Béla Fleck: Deep In The Heart

By: Court Scott

Béla Fleck by Frank W. Ockenfels
It's late on a Sunday afternoon and I've just stubbed the hell out of the two outermost toes when the phone rings. On the other end of the line is banjo player extraordinaire Béla Fleck. He's called to tell me about his beautiful new acoustic album, Throw Down Your Heart (released March 3 on Rounder) and the documentary film of the same name, but my sympathetic nervous system has taken over and my immediate thoughts are frenzied. I'm not even sure I am making sense. Yet it is Fleck's calm voice, candid and funny descriptions and careful explanation of his most recent, large-scale project that causes thoughts of my traumatized digits to fade and my excitement to rise.

Throw Down Your Heart, subtitled Tales From the Acoustic Planet Vol. 3/Africa Sessions is a years-in-the-planning aural journey of Fleck's voyage to trace the lineage of the banjo to its African roots. Additionally, Fleck used the journey to play with some of Africa's finest known and unknown musicians. Throughout his career, Fleck has relished putting the banjo in unusual, unexpected arrangements and settings. While many of us might think of the banjo as the quintessential American instrument, it most likely started as a gourd, a stick and several strings or hairs. And like the music that emanates from its now flattened, metal belly, the banjo has a strong African history dating well before the earliest European slave trade. In fact, it is from these tragic journeys through the "narrow passage" that the album and film take their name. When captured slaves were taken from inland and finally saw the ocean at Bagamoyo, Tanzania, they "threw down their hearts," realizing that they would never see their homelands again. Fleck tells me this phrase stuck with him, and that the meaning has evolved into something positive "like falling in love."

"It just seemed like such a poetic phrase," Fleck says. "I understood the emotional component." It became important to Fleck and his recording team to do something positive with this effort. "You hear all these horrible statistics about Africa - AIDS and other illnesses, wars," he pauses, "but film and music can show the true beauty of what Africa really is and has to offer."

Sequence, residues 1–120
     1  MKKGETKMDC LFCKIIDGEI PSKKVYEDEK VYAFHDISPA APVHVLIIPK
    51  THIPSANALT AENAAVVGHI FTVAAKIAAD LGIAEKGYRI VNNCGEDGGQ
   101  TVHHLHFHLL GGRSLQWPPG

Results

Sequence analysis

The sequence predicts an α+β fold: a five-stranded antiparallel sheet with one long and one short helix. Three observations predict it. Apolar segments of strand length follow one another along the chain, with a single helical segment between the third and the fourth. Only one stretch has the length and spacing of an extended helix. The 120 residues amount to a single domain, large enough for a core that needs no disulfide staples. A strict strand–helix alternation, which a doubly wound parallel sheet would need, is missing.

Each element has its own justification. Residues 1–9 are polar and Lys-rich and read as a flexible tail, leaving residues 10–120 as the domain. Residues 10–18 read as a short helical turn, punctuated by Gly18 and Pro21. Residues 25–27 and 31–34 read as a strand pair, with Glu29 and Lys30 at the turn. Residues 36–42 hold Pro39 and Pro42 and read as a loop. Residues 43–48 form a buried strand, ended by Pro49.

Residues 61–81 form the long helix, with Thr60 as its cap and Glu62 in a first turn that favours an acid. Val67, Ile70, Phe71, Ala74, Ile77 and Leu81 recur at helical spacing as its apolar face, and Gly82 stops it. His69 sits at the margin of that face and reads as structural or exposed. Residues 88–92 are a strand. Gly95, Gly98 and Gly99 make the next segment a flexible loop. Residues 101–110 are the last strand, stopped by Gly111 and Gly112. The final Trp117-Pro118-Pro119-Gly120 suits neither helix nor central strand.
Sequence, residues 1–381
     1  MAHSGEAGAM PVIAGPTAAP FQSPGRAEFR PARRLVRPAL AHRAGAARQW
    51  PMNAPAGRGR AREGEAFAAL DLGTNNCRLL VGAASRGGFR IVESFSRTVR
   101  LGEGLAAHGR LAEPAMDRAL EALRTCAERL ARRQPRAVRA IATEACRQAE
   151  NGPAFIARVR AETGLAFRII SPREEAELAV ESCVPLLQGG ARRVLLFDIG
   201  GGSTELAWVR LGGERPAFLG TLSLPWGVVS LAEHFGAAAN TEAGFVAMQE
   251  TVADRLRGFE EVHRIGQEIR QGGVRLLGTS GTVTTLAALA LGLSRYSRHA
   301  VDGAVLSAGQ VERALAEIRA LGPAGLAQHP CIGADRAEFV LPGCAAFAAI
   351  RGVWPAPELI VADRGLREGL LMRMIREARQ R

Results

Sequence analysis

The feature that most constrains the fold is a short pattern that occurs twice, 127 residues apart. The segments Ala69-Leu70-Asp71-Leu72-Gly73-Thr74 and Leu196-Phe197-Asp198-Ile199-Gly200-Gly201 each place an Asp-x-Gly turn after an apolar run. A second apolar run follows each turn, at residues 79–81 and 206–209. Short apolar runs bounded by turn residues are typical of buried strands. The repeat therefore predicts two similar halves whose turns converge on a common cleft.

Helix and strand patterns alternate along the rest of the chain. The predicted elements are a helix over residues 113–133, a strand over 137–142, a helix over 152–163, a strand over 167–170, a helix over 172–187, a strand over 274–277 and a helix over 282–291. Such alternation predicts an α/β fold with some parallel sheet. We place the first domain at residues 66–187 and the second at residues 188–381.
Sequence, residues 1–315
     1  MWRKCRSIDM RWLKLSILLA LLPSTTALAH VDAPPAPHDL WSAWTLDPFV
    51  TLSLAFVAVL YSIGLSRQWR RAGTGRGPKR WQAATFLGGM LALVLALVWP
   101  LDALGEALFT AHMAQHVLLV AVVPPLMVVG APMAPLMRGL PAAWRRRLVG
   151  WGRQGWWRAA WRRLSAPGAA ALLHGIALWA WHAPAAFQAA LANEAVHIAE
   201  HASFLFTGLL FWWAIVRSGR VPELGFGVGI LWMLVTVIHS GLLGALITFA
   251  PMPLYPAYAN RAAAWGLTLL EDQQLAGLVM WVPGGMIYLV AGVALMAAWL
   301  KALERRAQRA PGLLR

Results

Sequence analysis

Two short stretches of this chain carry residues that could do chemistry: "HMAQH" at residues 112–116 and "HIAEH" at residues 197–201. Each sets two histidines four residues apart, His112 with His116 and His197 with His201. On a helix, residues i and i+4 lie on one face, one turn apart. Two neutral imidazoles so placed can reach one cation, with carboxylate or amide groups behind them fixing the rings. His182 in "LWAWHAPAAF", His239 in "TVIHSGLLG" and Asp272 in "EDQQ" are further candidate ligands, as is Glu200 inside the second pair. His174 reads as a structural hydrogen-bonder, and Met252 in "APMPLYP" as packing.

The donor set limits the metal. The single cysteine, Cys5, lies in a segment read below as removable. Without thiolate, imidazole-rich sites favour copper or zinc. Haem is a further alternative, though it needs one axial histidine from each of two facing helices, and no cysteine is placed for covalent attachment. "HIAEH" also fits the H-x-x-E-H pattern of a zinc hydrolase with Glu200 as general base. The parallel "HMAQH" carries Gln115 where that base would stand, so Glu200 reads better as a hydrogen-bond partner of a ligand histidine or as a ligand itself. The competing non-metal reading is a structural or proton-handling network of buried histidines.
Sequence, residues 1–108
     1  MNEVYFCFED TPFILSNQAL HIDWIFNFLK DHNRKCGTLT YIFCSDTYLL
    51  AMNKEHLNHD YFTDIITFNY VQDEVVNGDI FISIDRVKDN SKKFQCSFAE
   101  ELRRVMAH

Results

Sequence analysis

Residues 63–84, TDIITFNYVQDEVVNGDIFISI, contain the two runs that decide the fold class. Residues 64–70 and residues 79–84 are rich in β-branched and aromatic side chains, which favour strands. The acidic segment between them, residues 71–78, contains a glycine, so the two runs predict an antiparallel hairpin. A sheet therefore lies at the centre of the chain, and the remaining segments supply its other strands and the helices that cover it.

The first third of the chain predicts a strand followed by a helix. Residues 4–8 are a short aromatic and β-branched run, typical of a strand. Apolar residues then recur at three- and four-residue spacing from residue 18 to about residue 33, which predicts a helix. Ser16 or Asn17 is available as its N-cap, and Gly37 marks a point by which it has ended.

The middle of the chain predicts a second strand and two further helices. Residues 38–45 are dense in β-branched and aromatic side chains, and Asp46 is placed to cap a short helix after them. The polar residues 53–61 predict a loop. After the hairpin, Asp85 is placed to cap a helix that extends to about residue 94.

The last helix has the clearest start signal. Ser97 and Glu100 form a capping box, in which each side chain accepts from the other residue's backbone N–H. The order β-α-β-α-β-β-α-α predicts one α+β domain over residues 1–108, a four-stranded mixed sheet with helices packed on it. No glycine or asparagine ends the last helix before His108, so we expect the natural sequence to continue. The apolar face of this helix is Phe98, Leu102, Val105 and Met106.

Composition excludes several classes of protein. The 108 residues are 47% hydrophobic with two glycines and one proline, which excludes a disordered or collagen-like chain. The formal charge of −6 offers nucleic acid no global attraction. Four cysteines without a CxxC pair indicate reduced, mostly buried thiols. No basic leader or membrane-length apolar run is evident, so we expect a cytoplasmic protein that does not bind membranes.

Béla Fleck in Africa
The whole project was the result of conversations between Fleck, Sony Classical and Nichole Smaglick, a tour guide, who long dreamed of a trip where Fleck would teach banjo in Africa. Preferring the idea of going to Africa to learn and absorb rather than instruct, Fleck got his wish when Sony Classical, upon a final budgetary review, pulled the plug on the Africa project. At that point Fleck decided to make the trip and fund it himself, and in so doing, he was able to make it his own. Having toured South Africa and Northern Africa with The Flecktones, Béla felt like he'd never been to "Africa proper." A childhood fan of the Tarzan books, and a bit of a career "thrill seeker," Fleck long suspected if he made it to Central Africa there might be "great [musical] payoff."

Early in 2005, after months of planning, Fleck, along with a team of five documentarians including his younger brother and the film's producer, Sasha Paladino, traveled to Uganda, Mali, Tanzania and Gambia to capture the sights and sounds of Africa. Over five weeks the team captured more than 250 hours of film and 40 hours of music. This material was tweaked and narrowed down to 18 tracks, which comprise the music on Throw Down Your Heart. The documentary is screening around the country now, and has met with rave reviews and already won several awards. Fleck says it will be released on DVD later this year.

Most enlightening was not what Fleck discovered about the origins of the banjo and the roots of popular music but what he found out about himself and his playing. In his three-decade-and-counting career Fleck has put the banjo in every genre from jazz to pop. He is a cerebral, complex artist, who asserts he was teetering on the edge of being burned out by his role in The Flecktones. They'd been going strong for 20 years and touring steadily for the last fifteen. In 2005 they decided to take a break, leaving members free to experiment with new scenarios. Béla took the opportunity to invest himself in an intense form of personal and musical renewal.

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